# Question b3120

Jun 8, 2017

Here's what I got.

#### Explanation:

The idea here is that a radioactive isotope's nuclear half-life, ${t}_{\text{1/2}}$, tells you the time needed for half of the atoms present in a sample of said isotope to undergo radioactive decay.

This means that if you start with ${A}_{0}$ radioactive isotope, you can say that you will end up with

• ${A}_{0} \cdot \frac{1}{2} = {A}_{0} / {2}^{\textcolor{red}{1}} \to$ after $\textcolor{red}{1}$ half-life
• ${A}_{0} / 2 \cdot \frac{1}{2} = {A}_{0} / 4 = {A}_{0} / {2}^{\textcolor{red}{2}} \to$ after $\textcolor{red}{2}$ half-lives
• ${A}_{0} / 4 \cdot \frac{1}{2} = {A}_{0} / 8 = {A}_{0} / {2}^{\textcolor{red}{3}} \to$ after $\textcolor{red}{3}$ half-lives
• ${A}_{0} / 8 \cdot \frac{1}{2} = {A}_{0} / 16 = {A}_{0} / {2}^{\textcolor{red}{4}} \to$ after $\textcolor{red}{4}$ half-lives
$\vdots$

and so on. You can thus say that the number of radioactive isotopes that remain undecayed after a period of time $t$ is equal to

${A}_{t} = {A}_{0} \cdot {\left(\frac{1}{2}\right)}^{\textcolor{red}{n}}$

Here $\textcolor{red}{n}$ represents the number of half-lives that pass in the given time $t$.

$\textcolor{red}{n} = \frac{t}{t} _ \text{1/2}$

In your case, you know that you start with $100$ radioactive isotopes and that $88$ have already decayed to their daughter nuclides. This, of course, implies that you're left with $12$ radioactive isotopes after an unknown time $t$ passes.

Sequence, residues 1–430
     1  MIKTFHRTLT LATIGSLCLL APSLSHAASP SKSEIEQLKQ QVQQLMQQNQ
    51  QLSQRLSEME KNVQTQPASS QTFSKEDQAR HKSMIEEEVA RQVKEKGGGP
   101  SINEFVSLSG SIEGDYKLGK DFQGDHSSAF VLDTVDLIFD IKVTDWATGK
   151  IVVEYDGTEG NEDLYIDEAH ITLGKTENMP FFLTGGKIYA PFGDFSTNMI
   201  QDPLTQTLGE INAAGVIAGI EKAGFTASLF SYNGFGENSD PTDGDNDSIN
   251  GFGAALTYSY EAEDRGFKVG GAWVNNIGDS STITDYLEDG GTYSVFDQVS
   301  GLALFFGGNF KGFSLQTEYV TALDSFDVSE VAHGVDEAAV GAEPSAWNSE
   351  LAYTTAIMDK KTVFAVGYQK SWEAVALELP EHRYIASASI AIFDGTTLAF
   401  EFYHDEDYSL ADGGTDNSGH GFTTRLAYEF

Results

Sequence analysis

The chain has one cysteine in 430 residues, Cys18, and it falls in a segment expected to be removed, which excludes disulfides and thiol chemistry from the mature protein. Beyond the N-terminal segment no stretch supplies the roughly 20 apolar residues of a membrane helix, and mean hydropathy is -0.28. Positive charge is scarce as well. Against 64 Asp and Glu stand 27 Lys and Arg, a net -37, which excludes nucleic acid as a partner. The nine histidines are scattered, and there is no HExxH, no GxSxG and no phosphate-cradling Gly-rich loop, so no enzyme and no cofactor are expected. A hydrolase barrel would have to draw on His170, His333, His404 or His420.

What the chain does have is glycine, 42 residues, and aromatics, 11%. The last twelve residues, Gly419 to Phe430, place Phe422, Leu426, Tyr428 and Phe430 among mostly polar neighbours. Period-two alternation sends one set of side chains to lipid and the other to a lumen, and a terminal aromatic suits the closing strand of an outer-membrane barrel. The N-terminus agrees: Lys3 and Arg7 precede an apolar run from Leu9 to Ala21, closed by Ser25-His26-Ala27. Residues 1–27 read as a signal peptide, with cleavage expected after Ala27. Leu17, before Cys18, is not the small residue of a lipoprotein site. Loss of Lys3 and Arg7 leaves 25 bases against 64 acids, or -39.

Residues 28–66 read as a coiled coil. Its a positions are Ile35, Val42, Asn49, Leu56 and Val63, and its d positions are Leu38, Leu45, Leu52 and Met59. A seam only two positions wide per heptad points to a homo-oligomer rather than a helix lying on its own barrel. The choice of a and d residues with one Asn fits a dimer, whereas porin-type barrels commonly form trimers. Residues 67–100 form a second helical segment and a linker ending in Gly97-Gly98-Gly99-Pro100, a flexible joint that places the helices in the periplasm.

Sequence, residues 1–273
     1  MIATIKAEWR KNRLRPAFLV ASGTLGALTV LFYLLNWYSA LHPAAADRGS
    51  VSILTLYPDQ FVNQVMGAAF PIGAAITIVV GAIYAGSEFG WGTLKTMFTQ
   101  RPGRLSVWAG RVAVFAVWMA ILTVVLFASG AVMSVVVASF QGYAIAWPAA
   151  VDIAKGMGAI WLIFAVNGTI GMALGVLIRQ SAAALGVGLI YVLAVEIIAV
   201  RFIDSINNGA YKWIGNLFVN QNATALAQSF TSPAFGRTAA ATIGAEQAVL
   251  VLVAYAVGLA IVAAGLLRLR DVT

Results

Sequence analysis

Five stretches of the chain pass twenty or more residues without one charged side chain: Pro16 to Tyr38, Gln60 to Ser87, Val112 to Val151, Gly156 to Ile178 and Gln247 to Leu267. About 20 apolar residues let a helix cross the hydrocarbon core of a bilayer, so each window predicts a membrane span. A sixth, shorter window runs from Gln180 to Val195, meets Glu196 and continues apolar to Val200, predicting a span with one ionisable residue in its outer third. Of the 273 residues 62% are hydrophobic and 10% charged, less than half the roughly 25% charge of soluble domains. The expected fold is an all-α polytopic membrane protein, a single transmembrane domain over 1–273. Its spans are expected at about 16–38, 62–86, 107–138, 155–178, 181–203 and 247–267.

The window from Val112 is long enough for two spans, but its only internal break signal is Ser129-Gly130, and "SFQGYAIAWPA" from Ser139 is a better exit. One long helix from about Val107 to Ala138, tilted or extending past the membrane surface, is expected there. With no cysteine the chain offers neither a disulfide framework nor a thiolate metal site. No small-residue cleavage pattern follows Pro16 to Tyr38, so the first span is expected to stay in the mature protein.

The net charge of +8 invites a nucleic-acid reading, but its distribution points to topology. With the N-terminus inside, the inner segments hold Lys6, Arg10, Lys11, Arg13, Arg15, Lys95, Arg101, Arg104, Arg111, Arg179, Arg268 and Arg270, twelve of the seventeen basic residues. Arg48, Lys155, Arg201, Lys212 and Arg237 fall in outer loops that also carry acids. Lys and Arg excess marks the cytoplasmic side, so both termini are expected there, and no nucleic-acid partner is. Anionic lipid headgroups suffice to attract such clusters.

You can thus say that

$12 = 100 \cdot {\left(\frac{1}{2}\right)}^{\textcolor{red}{n}}$

Rearrange to get

$\frac{12}{100} = {\left(\frac{1}{2}\right)}^{\textcolor{red}{n}}$

This will be equivalent to

$\ln \left(\frac{12}{100}\right) = \ln \left[{\left(\frac{1}{2}\right)}^{\textcolor{red}{n}}\right]$

which gets you

$\textcolor{red}{n} = \ln \frac{\frac{12}{100}}{\ln} \left(\frac{1}{2}\right) = 3.06$

So, you know that $3.06$ half-lives must pass in order for the number of radioactive isotopes to go from $100$ to $12$.

You now have

$t = \textcolor{red}{n} \cdot {t}_{\text{1/2}}$

and since you know that

${t}_{\text{1/2" = "1000 years}}$

you can say that the rock is

"age of rock" = 3.06 * "1000 years" = color(darkgreen)(ul(color(black)("3060 years")))#

I'll leave the answer rounded to three sig figs, but keep in mind that your values do not justify this value.